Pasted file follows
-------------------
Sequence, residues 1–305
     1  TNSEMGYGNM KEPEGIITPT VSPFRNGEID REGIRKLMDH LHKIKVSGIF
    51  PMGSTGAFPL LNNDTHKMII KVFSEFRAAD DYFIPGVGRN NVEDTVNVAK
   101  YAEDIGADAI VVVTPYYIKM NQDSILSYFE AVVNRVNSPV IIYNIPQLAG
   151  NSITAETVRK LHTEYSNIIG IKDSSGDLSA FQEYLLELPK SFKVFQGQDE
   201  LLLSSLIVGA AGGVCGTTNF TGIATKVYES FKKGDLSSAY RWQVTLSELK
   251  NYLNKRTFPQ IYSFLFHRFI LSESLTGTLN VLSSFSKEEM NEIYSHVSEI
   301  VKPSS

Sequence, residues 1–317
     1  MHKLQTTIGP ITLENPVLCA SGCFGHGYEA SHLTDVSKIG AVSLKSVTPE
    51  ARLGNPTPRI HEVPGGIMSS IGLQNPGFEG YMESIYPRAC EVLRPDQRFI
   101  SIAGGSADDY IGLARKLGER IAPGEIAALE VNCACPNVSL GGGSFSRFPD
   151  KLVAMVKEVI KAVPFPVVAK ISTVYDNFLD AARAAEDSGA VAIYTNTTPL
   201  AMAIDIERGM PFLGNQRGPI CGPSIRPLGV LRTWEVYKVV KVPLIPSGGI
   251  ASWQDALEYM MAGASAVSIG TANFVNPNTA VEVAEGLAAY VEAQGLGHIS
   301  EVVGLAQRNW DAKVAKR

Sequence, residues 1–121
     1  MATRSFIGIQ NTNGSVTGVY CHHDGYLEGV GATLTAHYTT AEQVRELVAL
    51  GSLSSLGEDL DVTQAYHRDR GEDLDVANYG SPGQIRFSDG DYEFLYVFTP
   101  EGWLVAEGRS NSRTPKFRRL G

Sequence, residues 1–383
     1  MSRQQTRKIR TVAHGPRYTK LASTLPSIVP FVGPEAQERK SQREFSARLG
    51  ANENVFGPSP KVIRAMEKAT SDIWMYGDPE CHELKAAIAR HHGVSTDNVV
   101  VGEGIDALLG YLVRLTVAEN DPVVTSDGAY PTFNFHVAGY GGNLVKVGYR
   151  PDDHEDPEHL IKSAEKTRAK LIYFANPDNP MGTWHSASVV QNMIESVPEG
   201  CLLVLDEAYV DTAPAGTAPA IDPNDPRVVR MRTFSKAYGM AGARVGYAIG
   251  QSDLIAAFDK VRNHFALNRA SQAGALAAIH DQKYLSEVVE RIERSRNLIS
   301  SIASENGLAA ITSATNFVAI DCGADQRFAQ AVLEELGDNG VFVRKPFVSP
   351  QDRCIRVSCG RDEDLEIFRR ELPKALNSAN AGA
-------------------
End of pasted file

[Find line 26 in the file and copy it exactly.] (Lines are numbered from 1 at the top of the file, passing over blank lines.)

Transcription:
   201  CLLVLDEAYV DTAPAGTAPA IDPNDPRVVR MRTFSKAYGM AGARVGYAIG